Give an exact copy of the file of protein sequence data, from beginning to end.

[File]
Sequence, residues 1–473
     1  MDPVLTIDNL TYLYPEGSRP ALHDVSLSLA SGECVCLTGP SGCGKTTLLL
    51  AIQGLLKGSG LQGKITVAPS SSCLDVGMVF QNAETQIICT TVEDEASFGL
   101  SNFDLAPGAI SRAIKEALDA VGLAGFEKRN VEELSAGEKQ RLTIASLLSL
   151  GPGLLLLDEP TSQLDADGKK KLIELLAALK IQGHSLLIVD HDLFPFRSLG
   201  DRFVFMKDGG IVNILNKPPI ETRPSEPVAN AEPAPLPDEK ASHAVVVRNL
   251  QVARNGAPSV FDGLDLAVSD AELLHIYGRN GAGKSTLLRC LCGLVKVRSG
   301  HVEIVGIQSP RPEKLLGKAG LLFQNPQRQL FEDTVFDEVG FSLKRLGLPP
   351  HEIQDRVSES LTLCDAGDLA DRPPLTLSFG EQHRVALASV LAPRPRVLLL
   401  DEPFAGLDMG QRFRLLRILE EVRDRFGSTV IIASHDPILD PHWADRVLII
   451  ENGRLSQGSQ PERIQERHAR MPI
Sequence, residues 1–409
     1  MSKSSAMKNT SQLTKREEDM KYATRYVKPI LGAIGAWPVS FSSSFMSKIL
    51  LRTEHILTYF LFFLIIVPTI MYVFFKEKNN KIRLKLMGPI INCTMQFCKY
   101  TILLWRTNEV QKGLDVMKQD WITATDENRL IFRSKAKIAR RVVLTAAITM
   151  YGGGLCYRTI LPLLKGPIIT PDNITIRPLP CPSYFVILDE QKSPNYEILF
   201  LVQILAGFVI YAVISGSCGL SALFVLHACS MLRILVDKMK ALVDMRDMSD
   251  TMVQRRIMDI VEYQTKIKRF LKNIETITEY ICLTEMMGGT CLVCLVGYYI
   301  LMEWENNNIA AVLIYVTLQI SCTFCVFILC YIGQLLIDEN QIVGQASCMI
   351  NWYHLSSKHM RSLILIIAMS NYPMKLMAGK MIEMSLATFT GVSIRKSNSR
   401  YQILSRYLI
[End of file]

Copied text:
Sequence, residues 1–473
     1  MDPVLTIDNL TYLYPEGSRP ALHDVSLSLA SGECVCLTGP SGCGKTTLLL
    51  AIQGLLKGSG LQGKITVAPS SSCLDVGMVF QNAETQIICT TVEDEASFGL
   101  SNFDLAPGAI SRAIKEALDA VGLAGFEKRN VEELSAGEKQ RLTIASLLSL
   151  GPGLLLLDEP TSQLDADGKK KLIELLAALK IQGHSLLIVD HDLFPFRSLG
   201  DRFVFMKDGG IVNILNKPPI ETRPSEPVAN AEPAPLPDEK ASHAVVVRNL
   251  QVARNGAPSV FDGLDLAVSD AELLHIYGRN GAGKSTLLRC LCGLVKVRSG
   301  HVEIVGIQSP RPEKLLGKAG LLFQNPQRQL FEDTVFDEVG FSLKRLGLPP
   351  HEIQDRVSES LTLCDAGDLA DRPPLTLSFG EQHRVALASV LAPRPRVLLL
   401  DEPFAGLDMG QRFRLLRILE EVRDRFGSTV IIASHDPILD PHWADRVLII
   451  ENGRLSQGSQ PERIQERHAR MPI
Sequence, residues 1–409
     1  MSKSSAMKNT SQLTKREEDM KYATRYVKPI LGAIGAWPVS FSSSFMSKIL
    51  LRTEHILTYF LFFLIIVPTI MYVFFKEKNN KIRLKLMGPI INCTMQFCKY
   101  TILLWRTNEV QKGLDVMKQD WITATDENRL IFRSKAKIAR RVVLTAAITM
   151  YGGGLCYRTI LPLLKGPIIT PDNITIRPLP CPSYFVILDE QKSPNYEILF
   201  LVQILAGFVI YAVISGSCGL SALFVLHACS MLRILVDKMK ALVDMRDMSD
   251  TMVQRRIMDI VEYQTKIKRF LKNIETITEY ICLTEMMGGT CLVCLVGYYI
   301  LMEWENNNIA AVLIYVTLQI SCTFCVFILC YIGQLLIDEN QIVGQASCMI
   351  NWYHLSSKHM RSLILIIAMS NYPMKLMAGK MIEMSLATFT GVSIRKSNSR
   401  YQILSRYLI